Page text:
Monday, August 11, 2014

A Month in Sequim, WA; It's Been Three Weeks Already?

When planning our summer in Western Washington we anticipated temperatures in the 60's and 70's, good temps for our favorite activity: hiking. We've actually had a bit of a heat wave (desert lovers will roll their eyes over this) with temps in the 80's. Fortunately there are plenty of forested trails within an hours drive of Sequim.

One of those forested trails is the Humes Ranch Loop along the Elwha River. The Elwha River had been dammed for 100 years and efforts have been underway to remove the two dams since 2011, with complete removal anticipated in September 2014. This is the largest dam removal project in recorded history and a goal of the project is to enable all five species of Pacific salmon and four species of trout to return in the numbers seen before damming (400,000 salmon per year as opposed to 4,000).

About 95% of the trail is in the forest with a short section along the river and also passes by a couple of historic cabins dating to the late 1800's. It's best to hike the loop counter clockwise so you take the steepest part downhill.

The Elwha River is a lovely shade of blue and has a wide floodplain.

At Goblin's Gate the river makes an abrupt turn...

...and the water is funneled into a narrow rocky channel.

Further upriver we could see how incredibly clear the water is.
The river is at least 10 feet deep in this pocket.

Historic Humes Ranch.

Historic Michael's Cabin.

One morning we headed into the mountains anticipating a 6 mile hike in the forest when our way was blocked by this downed tree.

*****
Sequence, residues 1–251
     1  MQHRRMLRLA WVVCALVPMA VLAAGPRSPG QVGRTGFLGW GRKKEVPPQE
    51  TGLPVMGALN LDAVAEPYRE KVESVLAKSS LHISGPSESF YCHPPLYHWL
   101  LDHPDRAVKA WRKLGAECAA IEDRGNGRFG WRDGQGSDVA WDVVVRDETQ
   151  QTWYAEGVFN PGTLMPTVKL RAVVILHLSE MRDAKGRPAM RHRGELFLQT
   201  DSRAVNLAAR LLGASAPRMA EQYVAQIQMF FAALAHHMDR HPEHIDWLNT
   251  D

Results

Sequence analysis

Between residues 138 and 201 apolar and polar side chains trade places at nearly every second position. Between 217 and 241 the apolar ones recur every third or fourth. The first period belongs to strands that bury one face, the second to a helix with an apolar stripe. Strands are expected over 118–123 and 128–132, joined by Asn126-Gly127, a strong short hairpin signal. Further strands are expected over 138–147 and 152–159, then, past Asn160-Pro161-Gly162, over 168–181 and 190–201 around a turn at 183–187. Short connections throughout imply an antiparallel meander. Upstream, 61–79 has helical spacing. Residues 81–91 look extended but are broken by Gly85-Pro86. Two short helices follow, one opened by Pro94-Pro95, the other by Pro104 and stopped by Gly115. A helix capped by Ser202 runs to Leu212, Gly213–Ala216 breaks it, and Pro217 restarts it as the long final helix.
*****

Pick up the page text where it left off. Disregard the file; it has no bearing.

Closer inspection revealed it had been cut halfway through allowing it to fall across the road. We learned later that local logging supporters use vandalism such as this to protest attempts to expand the Olympic wilderness area.

We attempted to move the tree but too many other trees were in the way.

We ended up doing a short local hike at Robin Hill Farm where we suprised this cutie in the forest:

During one of our Sequim countryside drives we discovered a place to access the coast at Marlyn Nelson County Park. This park sits at the convergence of Sequim Bay and the Strait of Juan de Fuca. One morning with a very low tide we took a walk on the beach, heading South towards the spit that encloses Sequim Bay. It's about 1.5 miles to the spit and starts out with a bluff on the land side that gives way to an open wetlands and then a lagoon so you get to experience a variety of habitats.

At low tide there is plenty of rocky beach to walk on but very little of it was hard packed,
so even three miles RT is a workout.

Here the bluff side becomes wetlands.
Lots of driftwood along the beach.

The Olympic Mountains provide a stunning backdrop to this driftwood tipi.

This week has also included some social time. We finally got to meet Jim and Gayle of Life's Little Advenutres! They are avid hikers and bikers too so we've long wanted to meet up with them but our paths have always been just a little off. And while we did not have an opportunity this time to hit the trail together, we did have a great dinner with lots of spirited conversation and I am sure our paths will cross again somewhere, sometime.

We also met up with Jim and Gayle and the crew they camp with as well as former San Diegans Angela and Debbie at a Farm Store Stomp at Nash's Organic Farm in Sequim. Fun, casual, homey atmosphere at the barn!

Barn Dance at Nash's Organic Farm.

As mentioned above, long ago San Diego friend Angela and her cousin Debbie joined us at our campsite for a few nights. They pitched a tent on our site and we shared dinners and a hike on the Dungeness Spit. We had an excellent sunny, minus tide day on the Spit and chose to hike about half of the 5.5 mile spit. Here, the sand was firm and easier to walk on than the beach we'd hiked earlier in the week. Though it's a relatively flat beach walk, there is plenty to see along the way.